Fracking Keeps Heating Bills Down
February 7, 2014
The cold winter has created a near-record demand for natural gas in the United States, says the Wall Street Journal.
- While the increased demand has raised natural gas prices, the jump in price has not been as extreme as in past cold snaps.
- In December 2000, gas prices doubled in just two and a half months.
- Home heating bills almost doubled that winter from the previous year, from $380 to $624.
The more stable prices are a function of the energy boom in the United States, which, through fracking, has created massive natural gas supplies. With the vast supply, the market has not panicked with concern that stores will be depleted.
As Joe Gregorini, vice president of Peoples Natural Gas, explained, "The available [sic] of the Marcellus and other shale gas has really dampened the effects of weather. This is one of the coldest winters we've seen in our service territories in decades, but the available [sic] of natural-gas supplies has insulated customers."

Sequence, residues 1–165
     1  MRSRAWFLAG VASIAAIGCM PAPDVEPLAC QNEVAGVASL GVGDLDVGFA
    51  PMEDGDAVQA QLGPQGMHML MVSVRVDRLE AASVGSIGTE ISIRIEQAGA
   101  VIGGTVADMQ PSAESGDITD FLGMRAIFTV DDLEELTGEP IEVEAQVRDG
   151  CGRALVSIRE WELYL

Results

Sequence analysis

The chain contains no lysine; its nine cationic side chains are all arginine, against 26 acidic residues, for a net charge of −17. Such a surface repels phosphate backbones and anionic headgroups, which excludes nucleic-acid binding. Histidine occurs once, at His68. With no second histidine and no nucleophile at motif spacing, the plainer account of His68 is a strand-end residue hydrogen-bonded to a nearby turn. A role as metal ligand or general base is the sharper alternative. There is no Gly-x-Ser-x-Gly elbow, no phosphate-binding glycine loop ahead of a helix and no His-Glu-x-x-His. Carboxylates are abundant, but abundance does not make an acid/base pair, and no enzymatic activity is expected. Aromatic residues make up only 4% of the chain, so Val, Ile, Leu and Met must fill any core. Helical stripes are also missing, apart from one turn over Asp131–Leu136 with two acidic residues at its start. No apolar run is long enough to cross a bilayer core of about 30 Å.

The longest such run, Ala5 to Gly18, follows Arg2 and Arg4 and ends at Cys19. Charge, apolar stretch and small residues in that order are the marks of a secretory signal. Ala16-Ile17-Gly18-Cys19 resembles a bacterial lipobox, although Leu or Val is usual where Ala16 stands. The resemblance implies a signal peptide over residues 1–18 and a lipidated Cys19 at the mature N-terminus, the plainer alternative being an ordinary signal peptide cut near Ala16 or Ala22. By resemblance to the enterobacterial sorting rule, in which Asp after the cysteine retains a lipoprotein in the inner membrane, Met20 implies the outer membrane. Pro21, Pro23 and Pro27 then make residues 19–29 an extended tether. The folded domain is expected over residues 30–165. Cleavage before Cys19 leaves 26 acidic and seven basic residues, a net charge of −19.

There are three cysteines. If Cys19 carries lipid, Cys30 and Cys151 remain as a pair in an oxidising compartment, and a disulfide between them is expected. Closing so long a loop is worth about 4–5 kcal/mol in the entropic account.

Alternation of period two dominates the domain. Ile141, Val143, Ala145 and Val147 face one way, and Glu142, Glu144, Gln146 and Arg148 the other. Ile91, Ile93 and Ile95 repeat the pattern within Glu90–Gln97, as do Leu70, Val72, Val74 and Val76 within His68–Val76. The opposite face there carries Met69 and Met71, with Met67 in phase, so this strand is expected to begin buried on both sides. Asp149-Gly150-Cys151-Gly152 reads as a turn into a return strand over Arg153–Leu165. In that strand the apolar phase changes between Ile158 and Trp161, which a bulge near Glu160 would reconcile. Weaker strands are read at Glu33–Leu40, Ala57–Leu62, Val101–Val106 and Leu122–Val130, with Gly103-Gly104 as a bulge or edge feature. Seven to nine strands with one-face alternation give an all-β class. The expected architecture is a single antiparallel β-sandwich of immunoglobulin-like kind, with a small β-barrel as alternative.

While some customers will see higher prices, the increase will not at all be the shock that was seen in 2000.
Source: Russell Gold, "Fracking Boom Keeps Home Heating Bills in Check," Wall Street Journal, January 28, 2014.
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